1 Oscar Sheynin History of Statistics Berlin, 2012 ISBN 978-3 ...

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1 Oscar Sheynin History of Statistics Berlin, 2012 ISBN 978-3 ...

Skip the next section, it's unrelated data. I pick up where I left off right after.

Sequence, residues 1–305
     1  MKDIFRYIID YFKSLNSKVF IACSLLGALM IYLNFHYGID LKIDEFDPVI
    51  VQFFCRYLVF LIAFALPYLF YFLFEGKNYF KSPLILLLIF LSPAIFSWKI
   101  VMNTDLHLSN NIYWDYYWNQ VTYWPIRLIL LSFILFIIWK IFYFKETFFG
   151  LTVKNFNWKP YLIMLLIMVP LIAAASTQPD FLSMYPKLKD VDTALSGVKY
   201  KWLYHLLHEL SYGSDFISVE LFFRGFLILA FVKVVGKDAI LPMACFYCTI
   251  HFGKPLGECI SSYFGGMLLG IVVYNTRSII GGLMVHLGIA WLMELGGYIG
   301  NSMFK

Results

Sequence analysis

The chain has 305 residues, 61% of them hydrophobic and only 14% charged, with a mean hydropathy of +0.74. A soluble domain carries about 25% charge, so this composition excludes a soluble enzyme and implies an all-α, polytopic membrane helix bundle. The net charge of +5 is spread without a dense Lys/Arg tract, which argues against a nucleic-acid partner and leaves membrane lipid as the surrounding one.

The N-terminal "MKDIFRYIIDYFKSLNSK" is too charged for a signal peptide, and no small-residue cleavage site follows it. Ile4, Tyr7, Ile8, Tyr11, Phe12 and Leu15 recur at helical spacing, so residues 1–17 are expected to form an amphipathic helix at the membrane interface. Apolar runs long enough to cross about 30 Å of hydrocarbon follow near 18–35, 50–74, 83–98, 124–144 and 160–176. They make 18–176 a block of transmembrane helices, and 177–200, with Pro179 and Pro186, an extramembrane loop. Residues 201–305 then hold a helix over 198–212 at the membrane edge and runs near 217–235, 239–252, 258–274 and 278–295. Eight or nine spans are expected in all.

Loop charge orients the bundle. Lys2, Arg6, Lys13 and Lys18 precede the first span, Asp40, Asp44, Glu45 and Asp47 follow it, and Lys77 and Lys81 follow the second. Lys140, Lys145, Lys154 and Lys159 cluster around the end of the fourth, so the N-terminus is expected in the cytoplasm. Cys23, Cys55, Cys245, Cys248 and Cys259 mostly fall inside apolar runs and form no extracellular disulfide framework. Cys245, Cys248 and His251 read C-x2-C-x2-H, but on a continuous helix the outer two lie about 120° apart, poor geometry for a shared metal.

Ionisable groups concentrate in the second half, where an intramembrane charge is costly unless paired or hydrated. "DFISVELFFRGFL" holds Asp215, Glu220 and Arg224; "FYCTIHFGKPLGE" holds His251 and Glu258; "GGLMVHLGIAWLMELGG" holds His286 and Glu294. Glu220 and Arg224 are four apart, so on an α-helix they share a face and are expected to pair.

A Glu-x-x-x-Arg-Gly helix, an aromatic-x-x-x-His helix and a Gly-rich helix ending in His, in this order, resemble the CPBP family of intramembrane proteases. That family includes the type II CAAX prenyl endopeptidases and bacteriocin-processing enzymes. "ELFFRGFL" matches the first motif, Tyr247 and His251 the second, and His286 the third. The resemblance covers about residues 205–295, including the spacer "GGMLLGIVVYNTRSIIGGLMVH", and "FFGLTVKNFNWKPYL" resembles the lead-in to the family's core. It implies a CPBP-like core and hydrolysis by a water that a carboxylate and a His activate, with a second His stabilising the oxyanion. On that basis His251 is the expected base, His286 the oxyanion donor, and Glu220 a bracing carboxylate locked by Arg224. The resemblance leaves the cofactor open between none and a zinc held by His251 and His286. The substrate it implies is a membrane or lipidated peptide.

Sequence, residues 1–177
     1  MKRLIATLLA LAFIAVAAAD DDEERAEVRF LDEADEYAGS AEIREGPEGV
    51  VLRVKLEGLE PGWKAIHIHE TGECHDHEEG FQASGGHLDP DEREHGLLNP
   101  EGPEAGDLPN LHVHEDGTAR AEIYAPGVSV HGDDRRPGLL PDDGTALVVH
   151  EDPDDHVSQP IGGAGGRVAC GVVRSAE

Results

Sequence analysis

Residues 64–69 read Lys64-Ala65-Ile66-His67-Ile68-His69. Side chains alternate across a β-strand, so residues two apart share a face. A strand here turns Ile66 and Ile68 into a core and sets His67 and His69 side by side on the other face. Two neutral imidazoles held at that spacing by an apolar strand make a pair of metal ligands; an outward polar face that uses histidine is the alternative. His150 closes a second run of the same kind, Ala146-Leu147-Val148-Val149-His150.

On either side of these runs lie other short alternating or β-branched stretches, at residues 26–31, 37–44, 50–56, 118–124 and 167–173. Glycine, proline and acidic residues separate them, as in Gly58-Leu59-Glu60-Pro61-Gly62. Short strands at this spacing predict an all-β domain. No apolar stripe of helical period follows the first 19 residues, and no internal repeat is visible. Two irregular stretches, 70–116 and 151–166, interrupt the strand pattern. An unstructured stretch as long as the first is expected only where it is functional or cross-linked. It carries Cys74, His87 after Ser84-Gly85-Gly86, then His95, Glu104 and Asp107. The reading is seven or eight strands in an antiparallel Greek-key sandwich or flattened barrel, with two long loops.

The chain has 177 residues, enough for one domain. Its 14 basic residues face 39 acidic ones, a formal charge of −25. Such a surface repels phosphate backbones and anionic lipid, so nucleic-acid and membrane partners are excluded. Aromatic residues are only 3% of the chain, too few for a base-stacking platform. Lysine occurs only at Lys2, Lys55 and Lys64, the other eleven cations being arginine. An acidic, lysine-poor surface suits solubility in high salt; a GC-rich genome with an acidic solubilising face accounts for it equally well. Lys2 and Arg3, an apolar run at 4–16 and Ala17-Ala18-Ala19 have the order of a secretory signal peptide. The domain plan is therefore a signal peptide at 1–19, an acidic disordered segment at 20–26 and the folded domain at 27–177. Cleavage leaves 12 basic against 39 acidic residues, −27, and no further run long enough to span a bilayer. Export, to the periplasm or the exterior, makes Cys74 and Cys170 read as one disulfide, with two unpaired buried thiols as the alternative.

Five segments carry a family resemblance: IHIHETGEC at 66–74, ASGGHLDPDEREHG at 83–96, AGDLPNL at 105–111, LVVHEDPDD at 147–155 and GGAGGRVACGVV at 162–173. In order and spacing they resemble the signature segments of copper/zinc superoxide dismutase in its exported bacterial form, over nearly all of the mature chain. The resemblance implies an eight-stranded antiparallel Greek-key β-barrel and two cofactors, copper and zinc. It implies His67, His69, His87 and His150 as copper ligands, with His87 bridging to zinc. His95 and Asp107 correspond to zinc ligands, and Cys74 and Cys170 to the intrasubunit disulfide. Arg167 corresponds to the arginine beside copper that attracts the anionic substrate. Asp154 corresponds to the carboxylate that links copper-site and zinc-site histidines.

3. Jakob Bernoulli and the Law of Large NumbersI consider Bernoulli’s main work, the Ars conjectandi (AC), which blazeda new trail by proving that statistical probability can be considered on a parwith the theoretical probability. Also described is the work of hiscontemporaries.Key words: law of large numbers, statistical probability, moral certainty,stochastic arguments3.1. Bernoulli’s Works3.1.1. The Diary (Meditationes). There, Bernoulli studied games ofchance and the stochastic side of civil law. He (1975, p. 47) noted that theprobability of a visitation of a plague in a given year was equal to the ratioof the number of these visitations during a long period of time to the numberof years in that period. He thus applied the definition of probability of anevent (of statistical probability!) rather than making use of chances. On p.46, in a marginal note, he wrote out the imprint of a review of Graunt’s book(§ 2.1.4) which Bernoulli possibly had not seen. But the most important inthe Meditationes is a (fragmentary) proof of the LLN which means thatBernoulli proved it not later than in 1690.3.1.2. The Art of Conjecturing (1713). Its Contents. Niklaus Bernoullicompiled a Preface (J. Bernoulli 1975, p. 108) where, for the first time ever,the term calculus of probability (in Latin) had appeared. The book itselfcontained four parts. Interesting problems are solved in parts 1 and 3 of theAC (the study of random sums for the uniform and the binomialdistributions, a similar investigation of the sum of a random number ofterms for a particular discrete distribution, a derivation of the distribution ofthe first order statistic for the discrete uniform distribution and thecalculation of probabilities appearing in sampling without replacement). Theauthor’s analytical methods included combinatorial analysis and calculationof expectations of winning in each set of finite and infinite games and theirsubsequent summing.Part 1 is a reprint of Huygens’ tract (§ 2.2.2). Bernoulli also compiled atable which enabled him to calculate the coefficients of x m in thedevelopment of (x + x 2 + … + x 6 ) n for small values of n. That polynomial tothe power of n was the generating function of the binomial (p + qx) with p =q.Part 2 dealt with combinatorial analysis and introduced the Bernoullinumbers.Part 4 contained the LLN. There also is an informal classical definition ofprobability (which Bernoulli had not applied when formulating that law), areasoning on the aims of the art of conjecturing (determination ofprobabilities for choosing the best solutions of problems, apparently in civillife) and elements of stochastic logic.Bernoulli likely considered the art of conjecturing as a mathematicaldiscipline based on probability as a measure of certainty and on expectationand including (the not yet formally introduced) addition and multiplicationtheorems and crowned by the LLN.In a letter of 3 Oct. 1703 Bernoulli (Kohli 1975b, p. 509) informedLeibniz about the progress in his work. He had been compiling it for many27

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